How Mitch McConnell broke Congress

McConnell waves in front of a podium, with Trump and Kavanaugh in the background at the White House.
Then-Senate Majority Leader Mitch McConnell (R-KY) receives a standing ovation during the ceremonial swearing-in of Justice Brett Kavanaugh in 2018. | Chip Somodevilla/Getty Images

Say goodbye to the GOP leader, but not the all-powerful Supreme Court that is his legacy.

Measured by how many bills he successfully ushered into law, Senate Minority Leader Mitch McConnell (R-KY), who announced Wednesday that he will step down as Republicans’ Senate leader in November, was extraordinarily ineffective.

He famously failed to deliver on the GOP’s years-long promise to repeal the Affordable Care Act in 2017, and more recently clashed with hardline House Republicans who refuse to pass bipartisan legislation supported by McConnell. During his time as majority leader, McConnell’s primary legislative accomplishment is the tax law former President Donald Trump signed his first year in office, and not much else.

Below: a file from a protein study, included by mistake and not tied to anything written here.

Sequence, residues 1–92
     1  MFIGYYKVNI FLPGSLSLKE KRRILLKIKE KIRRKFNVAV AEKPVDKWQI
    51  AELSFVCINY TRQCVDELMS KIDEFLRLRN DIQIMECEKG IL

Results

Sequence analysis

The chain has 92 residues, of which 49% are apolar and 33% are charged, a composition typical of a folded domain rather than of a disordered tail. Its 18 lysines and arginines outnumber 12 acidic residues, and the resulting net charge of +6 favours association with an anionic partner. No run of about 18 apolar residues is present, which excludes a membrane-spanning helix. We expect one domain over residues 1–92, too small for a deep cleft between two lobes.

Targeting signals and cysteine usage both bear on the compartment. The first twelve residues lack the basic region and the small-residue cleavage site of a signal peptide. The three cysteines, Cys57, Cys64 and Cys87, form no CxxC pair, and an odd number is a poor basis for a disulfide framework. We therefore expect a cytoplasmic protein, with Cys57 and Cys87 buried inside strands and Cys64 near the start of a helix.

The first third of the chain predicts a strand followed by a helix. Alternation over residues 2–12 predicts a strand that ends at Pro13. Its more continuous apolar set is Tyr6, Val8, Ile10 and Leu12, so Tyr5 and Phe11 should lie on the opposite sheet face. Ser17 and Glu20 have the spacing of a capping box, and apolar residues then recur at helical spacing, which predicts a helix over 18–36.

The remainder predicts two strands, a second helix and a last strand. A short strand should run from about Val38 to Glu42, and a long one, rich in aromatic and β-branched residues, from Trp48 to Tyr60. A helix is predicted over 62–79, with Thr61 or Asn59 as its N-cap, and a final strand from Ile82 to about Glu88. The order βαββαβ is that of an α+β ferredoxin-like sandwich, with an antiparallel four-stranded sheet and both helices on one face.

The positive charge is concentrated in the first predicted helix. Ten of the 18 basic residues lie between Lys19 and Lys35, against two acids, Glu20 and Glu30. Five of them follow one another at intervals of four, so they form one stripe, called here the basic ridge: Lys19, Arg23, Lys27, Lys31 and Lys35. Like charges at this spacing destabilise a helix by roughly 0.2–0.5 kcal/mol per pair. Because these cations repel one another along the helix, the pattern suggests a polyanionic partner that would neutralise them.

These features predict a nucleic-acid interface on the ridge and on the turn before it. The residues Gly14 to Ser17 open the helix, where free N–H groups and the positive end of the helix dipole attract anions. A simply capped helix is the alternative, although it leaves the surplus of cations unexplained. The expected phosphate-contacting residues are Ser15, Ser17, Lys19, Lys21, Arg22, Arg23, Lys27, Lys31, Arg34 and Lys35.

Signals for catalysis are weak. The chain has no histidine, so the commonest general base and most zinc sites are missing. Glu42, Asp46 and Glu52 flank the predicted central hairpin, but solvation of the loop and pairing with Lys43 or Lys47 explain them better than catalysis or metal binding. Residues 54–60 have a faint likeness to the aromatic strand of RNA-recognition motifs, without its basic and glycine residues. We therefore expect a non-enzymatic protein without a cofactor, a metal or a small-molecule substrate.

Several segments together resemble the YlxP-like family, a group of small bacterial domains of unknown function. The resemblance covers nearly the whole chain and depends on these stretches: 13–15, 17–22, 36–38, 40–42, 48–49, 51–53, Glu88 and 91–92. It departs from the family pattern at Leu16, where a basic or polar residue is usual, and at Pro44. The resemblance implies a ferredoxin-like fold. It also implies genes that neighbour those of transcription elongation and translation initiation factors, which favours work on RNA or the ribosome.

And yet, McConnell is likely to be remembered as one of the most consequential leaders in the Senate’s history, and for good reason.

McConnell’s legacy is not that he passed historic laws that transformed American society. It’s that he relegated Congress to second-tier status when it comes to deciding some of the biggest issues of our time. And he did it all while still empowering his Republican Party to dominate the policymaking process.